Date: 9/15/20 12:17 pm
From: Joseph Kennedy <josephkennedy36...>
Subject: [texbirds] Smith Point Hawk Watch Saturday with Hawk
Did the hawk watch at Smith Point on Saturday the 12th. Had lots of hawks
for the day. A good north wind brought good numbers of birds down to the
tower without a whole lot of variety but this was my first trip for the
year with birds actually overhead. Offsetting the hawks was a shortfall in
the number of land bird and other water bird migrants including the
swallows but ruby-throated hummingbirds entertained.

Things died after lunch as if someone pulled the spigot. Kept checking the
radar to see if rain was keeping the birds grounded or going around and saw
nothing except a couple of little spots of green. About 3:30 a small shower
hit the tower but when I drove home there was heavy rain all the way back
to the intersection with 1985 and later the radar got very bright all of a
sudden so even modern electronics can have problems if something blocks the
radar signal

Started the day with a local broad-winged hawk.

The hawk was hunting in its territory it has held for 3 weekends now and
has learned to check under security lights for grounded bugs early in the
morning along with a single cooper's hawk.

3 early broad-wings got up with the early mississippi kites but went back
down and it was an hour later that numbers started to show up

Flocks of 100 and 200 birds traded back and forth sort of getting together
until a sheet of say 1300 birds came by. Groups up t0 800 hung around to
the east for a couple of hours and finally disappeared. A good part of the
birds were adult whereas most birds in a couple of weeks at the peak of
broad-wing migration will be young of the year. Both can be together

This youngster is well marked

And adults also vary in the amount of markings

Kites are early birds compared to the soaring buteos. Had a couple hundred
mississippi kites for the day.

Almost all were young of the year birds

At least one swallow-tailed kite was with the first mississippi hawk group.
even at a distance the very long wings stand out even when the tail does
not show well

Speaking of kites, several hung out just west of the tower for a couple of
weeks. One has the longest tail of any kite I have seen at Smith Point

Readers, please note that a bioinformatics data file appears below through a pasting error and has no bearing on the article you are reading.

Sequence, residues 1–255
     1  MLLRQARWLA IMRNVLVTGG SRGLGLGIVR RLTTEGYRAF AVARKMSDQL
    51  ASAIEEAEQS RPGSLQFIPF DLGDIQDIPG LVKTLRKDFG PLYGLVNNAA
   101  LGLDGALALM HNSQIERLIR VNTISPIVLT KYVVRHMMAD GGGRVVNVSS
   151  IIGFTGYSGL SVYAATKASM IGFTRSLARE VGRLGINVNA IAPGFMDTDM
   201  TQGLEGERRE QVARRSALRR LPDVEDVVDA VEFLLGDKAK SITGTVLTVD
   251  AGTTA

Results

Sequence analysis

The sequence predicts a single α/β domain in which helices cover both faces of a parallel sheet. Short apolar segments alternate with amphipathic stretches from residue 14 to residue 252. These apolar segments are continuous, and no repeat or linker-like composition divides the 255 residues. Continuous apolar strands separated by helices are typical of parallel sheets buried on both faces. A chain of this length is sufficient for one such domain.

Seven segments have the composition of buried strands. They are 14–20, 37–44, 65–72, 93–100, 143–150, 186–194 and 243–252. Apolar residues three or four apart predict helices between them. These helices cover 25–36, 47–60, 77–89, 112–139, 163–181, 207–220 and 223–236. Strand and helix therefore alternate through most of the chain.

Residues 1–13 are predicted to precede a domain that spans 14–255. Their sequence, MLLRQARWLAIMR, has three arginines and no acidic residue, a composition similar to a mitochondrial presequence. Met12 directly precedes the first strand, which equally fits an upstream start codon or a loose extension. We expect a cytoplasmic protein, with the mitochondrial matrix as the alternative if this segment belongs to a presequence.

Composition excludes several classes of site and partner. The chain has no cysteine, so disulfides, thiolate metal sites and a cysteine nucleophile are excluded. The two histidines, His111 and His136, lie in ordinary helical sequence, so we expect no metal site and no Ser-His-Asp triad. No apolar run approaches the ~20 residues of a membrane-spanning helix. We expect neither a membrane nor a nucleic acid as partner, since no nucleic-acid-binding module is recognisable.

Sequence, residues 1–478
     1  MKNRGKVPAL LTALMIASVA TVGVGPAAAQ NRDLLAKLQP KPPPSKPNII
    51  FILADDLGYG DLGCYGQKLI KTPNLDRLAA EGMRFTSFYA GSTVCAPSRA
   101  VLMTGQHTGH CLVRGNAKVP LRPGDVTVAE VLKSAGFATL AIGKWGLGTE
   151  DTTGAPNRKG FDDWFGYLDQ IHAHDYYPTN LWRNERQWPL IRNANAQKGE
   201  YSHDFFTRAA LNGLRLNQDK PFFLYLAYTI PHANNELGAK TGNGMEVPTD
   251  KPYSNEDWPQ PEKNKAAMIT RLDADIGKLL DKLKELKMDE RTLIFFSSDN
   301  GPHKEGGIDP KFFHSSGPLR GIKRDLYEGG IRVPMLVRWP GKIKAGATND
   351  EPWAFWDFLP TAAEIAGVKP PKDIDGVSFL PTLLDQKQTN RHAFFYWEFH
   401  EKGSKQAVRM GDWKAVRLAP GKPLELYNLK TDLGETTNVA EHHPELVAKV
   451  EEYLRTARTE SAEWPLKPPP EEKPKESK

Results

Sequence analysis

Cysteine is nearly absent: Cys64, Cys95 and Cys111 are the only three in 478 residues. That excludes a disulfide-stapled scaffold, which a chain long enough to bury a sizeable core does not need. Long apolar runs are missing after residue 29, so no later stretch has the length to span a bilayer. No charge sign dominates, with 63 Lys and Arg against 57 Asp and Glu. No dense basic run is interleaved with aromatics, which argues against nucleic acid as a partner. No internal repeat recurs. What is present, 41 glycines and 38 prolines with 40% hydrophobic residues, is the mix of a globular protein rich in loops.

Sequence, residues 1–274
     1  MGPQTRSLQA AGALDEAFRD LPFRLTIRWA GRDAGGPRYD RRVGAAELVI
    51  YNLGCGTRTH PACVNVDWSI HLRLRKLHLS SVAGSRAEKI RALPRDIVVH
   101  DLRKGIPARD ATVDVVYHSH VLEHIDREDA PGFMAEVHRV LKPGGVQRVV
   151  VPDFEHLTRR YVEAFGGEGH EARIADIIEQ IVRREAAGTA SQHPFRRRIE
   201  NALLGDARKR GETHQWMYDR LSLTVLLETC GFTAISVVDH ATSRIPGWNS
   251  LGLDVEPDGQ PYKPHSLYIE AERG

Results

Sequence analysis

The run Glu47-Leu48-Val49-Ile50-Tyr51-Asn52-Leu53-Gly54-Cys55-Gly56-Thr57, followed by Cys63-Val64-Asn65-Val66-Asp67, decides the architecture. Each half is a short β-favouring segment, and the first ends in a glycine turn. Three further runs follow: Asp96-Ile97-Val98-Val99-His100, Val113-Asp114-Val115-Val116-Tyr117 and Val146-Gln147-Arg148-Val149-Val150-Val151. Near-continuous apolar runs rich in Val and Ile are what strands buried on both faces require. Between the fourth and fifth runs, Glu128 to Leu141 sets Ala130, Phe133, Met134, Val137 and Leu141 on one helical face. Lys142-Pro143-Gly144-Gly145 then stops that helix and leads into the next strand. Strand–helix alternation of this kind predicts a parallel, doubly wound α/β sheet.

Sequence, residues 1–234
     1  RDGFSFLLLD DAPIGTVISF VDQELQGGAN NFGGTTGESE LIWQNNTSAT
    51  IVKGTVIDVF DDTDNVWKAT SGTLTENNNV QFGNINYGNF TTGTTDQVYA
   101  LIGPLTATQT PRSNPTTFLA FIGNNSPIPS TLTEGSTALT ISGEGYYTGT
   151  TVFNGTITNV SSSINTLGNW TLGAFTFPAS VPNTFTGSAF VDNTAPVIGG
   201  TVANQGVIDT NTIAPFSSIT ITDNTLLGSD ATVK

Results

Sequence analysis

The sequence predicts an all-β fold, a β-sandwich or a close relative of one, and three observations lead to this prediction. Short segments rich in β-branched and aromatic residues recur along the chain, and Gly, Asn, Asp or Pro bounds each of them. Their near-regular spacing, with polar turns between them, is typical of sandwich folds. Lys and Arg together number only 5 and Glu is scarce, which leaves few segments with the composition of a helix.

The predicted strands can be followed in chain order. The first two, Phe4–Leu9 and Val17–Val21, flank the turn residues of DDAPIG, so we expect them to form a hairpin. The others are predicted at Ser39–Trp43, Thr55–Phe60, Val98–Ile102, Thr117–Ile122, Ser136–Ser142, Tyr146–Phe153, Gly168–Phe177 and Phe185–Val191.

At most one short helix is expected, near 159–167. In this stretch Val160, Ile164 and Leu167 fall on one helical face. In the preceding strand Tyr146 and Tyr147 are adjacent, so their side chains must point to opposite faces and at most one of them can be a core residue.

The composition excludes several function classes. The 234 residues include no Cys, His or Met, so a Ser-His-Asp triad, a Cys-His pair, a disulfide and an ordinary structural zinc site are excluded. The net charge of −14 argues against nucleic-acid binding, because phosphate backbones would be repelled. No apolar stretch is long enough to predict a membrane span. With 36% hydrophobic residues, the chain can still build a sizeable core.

It was joined by a smaller bird that repeatedly dove on its larger neighbor

Later in the morning a group of 80 anhingas went over the tower. All or
almost all were males. They passed several times and were joined by
additional groups of 50 or so anhinga until my last count totalled 500.

Note that all of the birds were flying with open mouths

And some opened wider than others

In any event every picture I took had only open-mouthed birds. They came
closer to the tower than the hawks

In contrast to the anhinga I only had 50 white ibis on the day with the
largest flock of 21 birds. A single magnificent frigatebird. Very few brown
pelicans but some terns were feeding out in the bay. Saw no ducks but some
distant hunters were after teal at sunrise.

No olive-sided flycatchers for much of the morning but several mississippi
kites, red-tailed, red-shouldered, cooper's and sharp-shinned hawks perched
in the favorite trees. Finally a single bird arrived

And then 3 were spaced out in the same trees for a bit.

Working along the side roads and Robbins Park before and after the count,
added very few birds to the day. Only had 2 black and 4 turkey vultures but
the hawk list did have 10 species most with singles or a couple of birds.
The raggedy red-tail I first saw Tuesday was harassed by both cooper's and
sharp-shinned hawks and then a broad-wing joined the fun. A mississippi
kite came the closest to actually hitting the bird. An attempt to perch did
not last long as a cooper's hawk encouraged elsewhere perching.

A flock of 4 baltimore orioles was leaving for the mainland early as were a
couple of eastern kingbirds but only a small numbers of dickcissels and
gnatcatchers. Swallows were very scarce all day but I had barn and cliff.

A great half day until the rain to the east cut off the birds.

Joseph C. Kennedy
on Buffalo Bayou in West Houston

Join us on Facebook!